The proposed closure of Hartlepool Magistrates’ Court will deepen the inequalities in the justice system , says The Law Society.
The Society, which reflects the views of solicitors, has recommended the court stays open, stating the closure will make it more difficult for a significant number people to get to court.
Law Society president Jonathan Smithers said there would be an adverse impact on the community, the justice system and the legal profession as a result.
“The proposed closure of Hartlepool Magistrates’ Court and County Court will make it more difficult for a significant number people to get to court, and the closures will more adversely affect people with disabilities and lower income families,“ he said.
“Combined with the further planned increases in court fees and reductions in eligibility for legal aid, this closure will serve to deepen the inequalities in the justice system between those who can and cannot afford to pay.
“No matter who you are, no matter where you live, everyone in England and Wales must be able to access legal advice and the justice system.”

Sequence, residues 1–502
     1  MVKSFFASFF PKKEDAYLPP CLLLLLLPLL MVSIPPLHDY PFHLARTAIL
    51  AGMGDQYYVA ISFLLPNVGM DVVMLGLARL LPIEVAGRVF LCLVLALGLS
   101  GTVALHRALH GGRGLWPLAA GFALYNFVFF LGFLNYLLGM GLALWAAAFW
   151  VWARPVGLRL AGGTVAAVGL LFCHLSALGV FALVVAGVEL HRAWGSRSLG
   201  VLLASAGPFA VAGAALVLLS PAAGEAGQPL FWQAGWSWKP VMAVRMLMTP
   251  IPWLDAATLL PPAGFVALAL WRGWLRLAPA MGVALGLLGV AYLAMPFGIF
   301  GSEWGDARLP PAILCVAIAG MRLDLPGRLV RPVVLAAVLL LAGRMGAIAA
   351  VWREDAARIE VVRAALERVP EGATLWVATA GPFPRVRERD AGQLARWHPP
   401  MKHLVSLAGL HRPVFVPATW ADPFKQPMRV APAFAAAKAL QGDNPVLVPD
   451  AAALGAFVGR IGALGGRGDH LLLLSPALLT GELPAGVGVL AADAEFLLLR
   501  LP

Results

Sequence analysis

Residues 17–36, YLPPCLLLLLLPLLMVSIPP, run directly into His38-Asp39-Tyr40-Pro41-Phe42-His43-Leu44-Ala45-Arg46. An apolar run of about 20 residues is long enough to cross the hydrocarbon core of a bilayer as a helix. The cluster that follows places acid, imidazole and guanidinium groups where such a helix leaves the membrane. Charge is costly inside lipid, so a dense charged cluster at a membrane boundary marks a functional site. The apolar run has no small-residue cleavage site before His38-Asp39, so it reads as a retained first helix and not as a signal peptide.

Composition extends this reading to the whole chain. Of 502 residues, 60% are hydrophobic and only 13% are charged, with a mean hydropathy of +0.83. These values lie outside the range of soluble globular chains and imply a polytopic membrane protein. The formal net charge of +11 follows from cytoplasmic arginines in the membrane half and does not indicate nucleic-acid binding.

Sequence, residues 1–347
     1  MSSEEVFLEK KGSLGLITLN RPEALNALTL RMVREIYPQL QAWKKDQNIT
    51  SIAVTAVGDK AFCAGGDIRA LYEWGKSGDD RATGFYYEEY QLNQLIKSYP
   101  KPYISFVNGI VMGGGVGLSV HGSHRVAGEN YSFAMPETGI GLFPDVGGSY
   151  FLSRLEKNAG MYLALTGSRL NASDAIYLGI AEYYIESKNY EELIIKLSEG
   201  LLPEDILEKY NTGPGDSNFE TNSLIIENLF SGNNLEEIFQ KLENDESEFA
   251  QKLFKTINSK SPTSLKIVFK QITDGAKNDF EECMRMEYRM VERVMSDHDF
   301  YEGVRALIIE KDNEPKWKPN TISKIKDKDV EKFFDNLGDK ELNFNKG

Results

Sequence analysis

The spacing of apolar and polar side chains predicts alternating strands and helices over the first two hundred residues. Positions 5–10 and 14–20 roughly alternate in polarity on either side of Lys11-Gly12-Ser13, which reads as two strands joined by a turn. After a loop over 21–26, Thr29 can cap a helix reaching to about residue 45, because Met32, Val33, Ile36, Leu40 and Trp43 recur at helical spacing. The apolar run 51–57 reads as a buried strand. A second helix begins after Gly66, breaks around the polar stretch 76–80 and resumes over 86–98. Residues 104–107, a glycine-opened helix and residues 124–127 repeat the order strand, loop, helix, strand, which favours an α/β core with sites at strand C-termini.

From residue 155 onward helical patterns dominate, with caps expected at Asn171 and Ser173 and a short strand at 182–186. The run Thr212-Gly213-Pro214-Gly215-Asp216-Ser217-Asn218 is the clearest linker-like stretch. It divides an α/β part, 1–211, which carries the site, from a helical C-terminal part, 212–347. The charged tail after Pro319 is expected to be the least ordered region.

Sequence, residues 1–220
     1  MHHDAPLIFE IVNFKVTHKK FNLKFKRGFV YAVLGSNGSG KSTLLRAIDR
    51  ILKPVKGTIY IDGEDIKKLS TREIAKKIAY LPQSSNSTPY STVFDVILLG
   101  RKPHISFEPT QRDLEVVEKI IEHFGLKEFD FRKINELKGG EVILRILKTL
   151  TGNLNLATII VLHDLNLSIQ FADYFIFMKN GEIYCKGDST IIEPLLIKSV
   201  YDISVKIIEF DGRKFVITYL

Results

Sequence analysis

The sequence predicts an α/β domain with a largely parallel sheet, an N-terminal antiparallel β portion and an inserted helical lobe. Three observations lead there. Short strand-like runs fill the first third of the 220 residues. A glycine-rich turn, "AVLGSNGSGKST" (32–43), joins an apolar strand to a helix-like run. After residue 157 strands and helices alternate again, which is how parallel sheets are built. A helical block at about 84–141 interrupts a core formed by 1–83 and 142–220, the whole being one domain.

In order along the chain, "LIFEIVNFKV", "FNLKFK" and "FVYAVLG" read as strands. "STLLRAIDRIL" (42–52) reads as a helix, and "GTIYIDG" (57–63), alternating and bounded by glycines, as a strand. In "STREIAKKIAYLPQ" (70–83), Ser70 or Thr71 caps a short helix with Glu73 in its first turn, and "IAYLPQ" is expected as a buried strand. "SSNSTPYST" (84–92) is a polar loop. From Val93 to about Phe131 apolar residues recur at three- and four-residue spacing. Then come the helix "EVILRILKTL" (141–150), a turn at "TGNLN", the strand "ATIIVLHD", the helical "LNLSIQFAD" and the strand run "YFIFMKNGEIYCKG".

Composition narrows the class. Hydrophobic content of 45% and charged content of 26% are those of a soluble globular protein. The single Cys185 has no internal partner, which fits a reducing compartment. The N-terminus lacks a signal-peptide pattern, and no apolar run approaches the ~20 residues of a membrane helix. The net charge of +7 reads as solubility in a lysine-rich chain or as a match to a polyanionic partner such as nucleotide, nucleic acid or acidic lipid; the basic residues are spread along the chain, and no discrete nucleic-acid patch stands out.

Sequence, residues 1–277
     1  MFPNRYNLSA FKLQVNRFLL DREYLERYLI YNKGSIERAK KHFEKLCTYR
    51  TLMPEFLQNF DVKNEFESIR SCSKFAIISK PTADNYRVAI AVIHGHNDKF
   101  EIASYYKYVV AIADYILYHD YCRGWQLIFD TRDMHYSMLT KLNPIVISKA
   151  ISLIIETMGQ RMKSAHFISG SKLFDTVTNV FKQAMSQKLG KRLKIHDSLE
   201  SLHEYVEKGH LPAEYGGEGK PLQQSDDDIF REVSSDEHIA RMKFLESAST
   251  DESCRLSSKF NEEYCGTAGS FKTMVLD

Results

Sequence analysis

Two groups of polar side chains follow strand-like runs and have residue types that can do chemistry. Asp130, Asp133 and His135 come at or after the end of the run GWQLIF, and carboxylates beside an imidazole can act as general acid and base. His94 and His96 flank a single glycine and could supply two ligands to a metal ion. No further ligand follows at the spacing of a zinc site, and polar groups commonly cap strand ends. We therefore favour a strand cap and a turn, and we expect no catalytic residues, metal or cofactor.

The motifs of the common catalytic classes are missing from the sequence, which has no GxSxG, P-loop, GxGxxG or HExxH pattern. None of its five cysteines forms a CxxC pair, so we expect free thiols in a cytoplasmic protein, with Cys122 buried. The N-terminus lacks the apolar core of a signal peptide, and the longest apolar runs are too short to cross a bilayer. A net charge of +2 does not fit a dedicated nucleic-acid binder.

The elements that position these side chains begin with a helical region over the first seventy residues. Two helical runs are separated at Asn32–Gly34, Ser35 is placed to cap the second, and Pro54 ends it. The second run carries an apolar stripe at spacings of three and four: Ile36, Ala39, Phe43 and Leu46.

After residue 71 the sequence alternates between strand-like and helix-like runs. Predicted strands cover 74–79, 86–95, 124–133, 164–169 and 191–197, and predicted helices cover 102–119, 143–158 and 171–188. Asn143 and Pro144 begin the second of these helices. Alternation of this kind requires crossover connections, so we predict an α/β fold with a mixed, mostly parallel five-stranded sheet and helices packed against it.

The Ministry of Justice is consulting on its plans to close 91 courts and tribunals in England and Wales including Hartlepool’s court.
The proposed court closures are aimed at addressing court buildings that are not fully used, with a focus on greater use of technology through video and telephone conferencing to make savings. Hartlepool’s court building was said to have used 47 per cent of its total capacity in 2014-15.
If the court was to close, cases would be dealt with by Teesside Magistrates’ and County Court, in Middlesbrough. The extra travelling distance and cost to defendants, victims and families is one of the reasons why objectors say it should not happen.
The MoJ consultation acknowledges that Teesside Magistrates’ Court would need additional work in order to accommodate the Social Security and Child Support Tribunal (SSCS) work from Hartlepool County Court and to create an additional waiting room.
It has not specified the likely cost of this work.
The Law Society says the court is used more than the average in England and Wales and has said it is “questionable” whether closing this court would realise the financial benefit that MoJ anticipates.
It says the consultation paper states that Hartlepool Magistrates’ Court and County Court is a leasehold property and has a 99-year lease until 2075.
Closing the building –owned by Hartlepool Borough Council – would result in the MoJ having to break the lease, which would simply transfer the costs to the local authority.
n Further background to the proposal can be accessed at https://consult.justice.gov.uk/digital-communications/proposal-on-the-provision-of-court-and-tribunal-es